Using timers and animation effects: Timer

With the Mosaic class Core::Timer you can trigger operations after a specified time interval is elapsed. This so-called Timer object can be used within your GUI component wherever delayed or periodical actions should be performed, in particular to implement animations or time-outs.

The following sections are intended to provide you an introduction and useful tips of how to work with the Timer object. For the complete reference please see the documentation of the Core::Timer class.

Add new Timer object

To add a new Timer object just at the design time of a GUI component do following:

First ensure that the Templates window is visible.

In Templates window switch to the folder Effects.

In the folder locate the template Timer.

Drag & Drop the template into the Composer window:

Eventually name the new added Timer.

Inspect the Timer object

As long as the Timer object is selected you can inspect and modify its properties conveniently in the Inspector window as demonstrated with the property Enabled in the screenshot below:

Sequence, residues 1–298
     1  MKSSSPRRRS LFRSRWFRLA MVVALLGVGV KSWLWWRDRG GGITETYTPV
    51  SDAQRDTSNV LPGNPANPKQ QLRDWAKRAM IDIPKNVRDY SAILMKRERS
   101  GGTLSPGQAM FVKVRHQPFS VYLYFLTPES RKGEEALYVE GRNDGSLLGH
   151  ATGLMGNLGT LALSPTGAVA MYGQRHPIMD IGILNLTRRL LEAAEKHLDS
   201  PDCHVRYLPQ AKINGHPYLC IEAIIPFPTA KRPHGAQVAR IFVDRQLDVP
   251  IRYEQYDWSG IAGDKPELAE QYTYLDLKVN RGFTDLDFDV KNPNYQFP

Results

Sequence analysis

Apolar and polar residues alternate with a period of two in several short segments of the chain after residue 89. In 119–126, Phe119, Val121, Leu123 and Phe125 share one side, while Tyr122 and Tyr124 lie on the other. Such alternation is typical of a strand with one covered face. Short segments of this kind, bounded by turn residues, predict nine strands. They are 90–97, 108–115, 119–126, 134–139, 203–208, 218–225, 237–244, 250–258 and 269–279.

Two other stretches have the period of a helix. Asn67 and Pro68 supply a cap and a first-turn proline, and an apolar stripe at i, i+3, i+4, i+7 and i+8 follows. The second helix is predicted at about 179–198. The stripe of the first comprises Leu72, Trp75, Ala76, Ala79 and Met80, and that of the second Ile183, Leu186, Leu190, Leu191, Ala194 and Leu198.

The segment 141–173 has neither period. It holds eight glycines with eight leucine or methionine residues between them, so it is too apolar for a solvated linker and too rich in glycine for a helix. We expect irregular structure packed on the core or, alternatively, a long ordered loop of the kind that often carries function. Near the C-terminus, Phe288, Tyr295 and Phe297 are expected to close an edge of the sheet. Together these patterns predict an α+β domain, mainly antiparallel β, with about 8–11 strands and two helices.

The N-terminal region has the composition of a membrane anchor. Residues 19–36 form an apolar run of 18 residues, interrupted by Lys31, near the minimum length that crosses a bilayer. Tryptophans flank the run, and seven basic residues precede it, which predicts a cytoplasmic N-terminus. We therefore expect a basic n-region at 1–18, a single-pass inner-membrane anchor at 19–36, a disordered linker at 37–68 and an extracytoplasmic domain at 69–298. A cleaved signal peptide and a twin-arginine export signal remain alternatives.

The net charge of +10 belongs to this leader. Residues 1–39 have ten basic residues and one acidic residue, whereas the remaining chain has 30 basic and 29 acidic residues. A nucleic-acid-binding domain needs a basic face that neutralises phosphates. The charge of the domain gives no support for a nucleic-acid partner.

This is in so far worth mentioning as all following sections describe diverse features of the Timer object by explicitly referring to its corresponding properties. If you are not familiar with the concept of a property and the usage of Inspector window, please read first the preceding chapter Compositing component appearance.

Implement the OnTrigger slot method

Every time the timer expires, the Timer object sends a signal to a slot method stored in its property OnTrigger. Within the method, the desired timer related operation can be executed. You can initialize this property with an already existing slot method or you add a new one and implement it as desired. The following steps describe how to do this:

First add a new slot method to your GUI component.

Assign the slot method to the property OnTrigger of the Timer object.

Open the slot method for editing.

In the Code Editor implement your desired operation to execute when the Timer expires.